Boulder supermarket is latest high-profile mass shooting in Colorado

Monday’s mass shooting inside a Colorado grocery store is the latest example of gun violence in the state.

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Ten people, including a police officer, died after a gunman opened fire at a King Soopers store in Boulder. Maris Herold, chief of the Boulder Police Department, said Ahmad Al Aliwi Alissa, 21, of Arvada, will be charged with 10 counts of murder, according to the Daily Camera of Boulder.

It is the latest example of gun violence in Colorado. A 2019 analysis by The Denver Post found that Colorado had more mass shootings per capita than all but four states. The census-designated Denver metropolitan statistical area, meanwhile, had more school shootings per capita since 1999 than any of the country’s 24 other largest metro areas.

Mass shootings are defined as those resulting four or more people dead, not including the shooter. A database compiled by The Associated Press, USA Today and Northeastern University shows that Monday’s attack was the seventh mass killing in the United States during 2021. That includes the March 16 shooting at three Atlanta-area spas that left eight people dead.

That same database noted that there were two mass shootings in the U.S. during 2020, and both happened before the lockdown caused by the COVID-19 pandemic. One occurred at a Milwaukee brewery on Feb. 16 when an employee killed five co-workers before turning the gun on himself, and the other took place on March 15 in Springfield, Missouri, when a man killed four people before shooting himself.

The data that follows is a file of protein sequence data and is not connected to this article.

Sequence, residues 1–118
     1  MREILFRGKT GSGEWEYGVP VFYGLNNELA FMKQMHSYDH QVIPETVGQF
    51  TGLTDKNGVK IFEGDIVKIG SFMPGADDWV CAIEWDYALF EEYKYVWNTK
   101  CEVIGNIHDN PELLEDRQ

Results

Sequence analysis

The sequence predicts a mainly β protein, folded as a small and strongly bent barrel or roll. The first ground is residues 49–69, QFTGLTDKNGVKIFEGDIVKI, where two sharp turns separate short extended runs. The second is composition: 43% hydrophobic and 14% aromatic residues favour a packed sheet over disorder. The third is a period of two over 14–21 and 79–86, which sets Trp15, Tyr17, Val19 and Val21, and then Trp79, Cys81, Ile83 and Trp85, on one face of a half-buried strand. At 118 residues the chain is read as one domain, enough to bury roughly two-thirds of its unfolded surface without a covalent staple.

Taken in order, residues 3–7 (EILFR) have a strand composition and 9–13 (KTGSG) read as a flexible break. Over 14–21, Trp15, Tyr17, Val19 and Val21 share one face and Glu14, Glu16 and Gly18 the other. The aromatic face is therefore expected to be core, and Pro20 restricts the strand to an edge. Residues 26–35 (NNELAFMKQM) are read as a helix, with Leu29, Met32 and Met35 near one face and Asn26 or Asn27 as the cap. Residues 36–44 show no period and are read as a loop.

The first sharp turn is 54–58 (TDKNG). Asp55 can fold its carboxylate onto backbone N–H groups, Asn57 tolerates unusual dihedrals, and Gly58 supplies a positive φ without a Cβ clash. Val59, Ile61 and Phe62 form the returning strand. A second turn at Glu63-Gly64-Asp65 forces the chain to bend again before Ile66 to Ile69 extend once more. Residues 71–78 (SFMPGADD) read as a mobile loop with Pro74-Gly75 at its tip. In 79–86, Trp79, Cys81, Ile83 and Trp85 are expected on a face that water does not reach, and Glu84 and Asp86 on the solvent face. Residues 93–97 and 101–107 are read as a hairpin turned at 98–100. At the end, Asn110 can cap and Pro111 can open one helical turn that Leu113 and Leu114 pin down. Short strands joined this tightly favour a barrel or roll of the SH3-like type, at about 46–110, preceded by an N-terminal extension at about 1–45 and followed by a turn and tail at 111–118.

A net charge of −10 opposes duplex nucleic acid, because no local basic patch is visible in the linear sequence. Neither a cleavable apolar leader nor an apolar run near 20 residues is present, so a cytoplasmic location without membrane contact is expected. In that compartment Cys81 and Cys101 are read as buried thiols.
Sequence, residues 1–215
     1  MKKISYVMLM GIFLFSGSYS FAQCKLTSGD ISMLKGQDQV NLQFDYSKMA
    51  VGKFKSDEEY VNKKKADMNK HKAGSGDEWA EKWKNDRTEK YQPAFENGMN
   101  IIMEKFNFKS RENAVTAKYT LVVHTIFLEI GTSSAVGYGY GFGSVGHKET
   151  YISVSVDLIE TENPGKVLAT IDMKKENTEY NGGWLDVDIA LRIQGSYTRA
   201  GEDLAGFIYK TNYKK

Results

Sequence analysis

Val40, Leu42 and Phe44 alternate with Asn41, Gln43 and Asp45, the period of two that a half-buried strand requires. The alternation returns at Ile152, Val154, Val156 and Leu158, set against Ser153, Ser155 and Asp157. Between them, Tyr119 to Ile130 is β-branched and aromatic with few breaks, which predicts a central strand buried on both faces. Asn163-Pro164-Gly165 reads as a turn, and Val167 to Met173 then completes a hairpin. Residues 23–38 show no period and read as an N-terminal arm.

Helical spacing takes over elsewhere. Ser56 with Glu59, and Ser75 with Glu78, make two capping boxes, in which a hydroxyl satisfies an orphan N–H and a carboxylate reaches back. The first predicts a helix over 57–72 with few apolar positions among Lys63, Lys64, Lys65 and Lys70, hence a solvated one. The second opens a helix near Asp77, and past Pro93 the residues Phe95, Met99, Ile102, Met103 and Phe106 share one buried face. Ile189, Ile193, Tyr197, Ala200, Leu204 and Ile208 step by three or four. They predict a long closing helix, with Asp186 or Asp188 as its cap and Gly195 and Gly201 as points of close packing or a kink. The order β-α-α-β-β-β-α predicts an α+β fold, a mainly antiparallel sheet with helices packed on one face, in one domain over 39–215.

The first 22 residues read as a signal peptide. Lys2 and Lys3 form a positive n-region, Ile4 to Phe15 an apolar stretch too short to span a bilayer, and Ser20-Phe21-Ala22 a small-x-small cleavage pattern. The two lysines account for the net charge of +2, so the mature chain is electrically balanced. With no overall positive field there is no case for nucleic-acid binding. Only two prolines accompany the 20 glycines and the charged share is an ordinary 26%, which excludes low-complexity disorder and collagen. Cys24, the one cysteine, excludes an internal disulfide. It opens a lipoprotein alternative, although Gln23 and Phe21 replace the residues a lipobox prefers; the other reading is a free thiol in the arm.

>> Boulder supermarket shooting: Suspect charged with 10 counts of 1st-degree murder; victims identified

“What we’re looking at now is an issue for society, happening in schools, in Colorado in movie theaters, in churches around the country, airports,” Frank DeAngelis, the principal of Columbine High School during the 1999 shooting, told the Post. “We’re a country, a world, of violence.”

>> Boulder supermarket shooting: What we know about the victims

Here are five high-profile shootings in Colorado since 1990:

Chuck E. Cheese, 1993: On Dec. 14, Nathan Dunlap, 19, a former employee at the restaurant in Aurora, opened fire on the staff at Chuck E. Cheese after hours, killing four and wounding one employee. According to authorities, Dunlap entered the restaurant just after closing time, confronting and fatally shooting two workers. He then killed a third employee in a hallway, wounded another in the kitchen, and then killed the store’s night manager in her office. All of the victims were shot in the head.

Columbine High School, 1999: Two students went on a shooting spree on April 20 at Columbine High School in Littleton. The teens killed 12 students and one teacher while wounding 20 others. The gunmen, 18-year-old Eric Harris and 17-year-old Dylan Klebold, killed themselves after the shooting. At the time, the shooting at Columbine was the deadliest school shooting in U.S. history, The Gazette of Colorado Springs reported.

The mass shooting shocked the nation and stunned residents.

“This isn’t the middle of New York City, it’s the middle of suburban Jefferson County,” Amy Ericson, a 1986 graduate of the school, told The Daily Sentinel of Grand Junction after the shooting.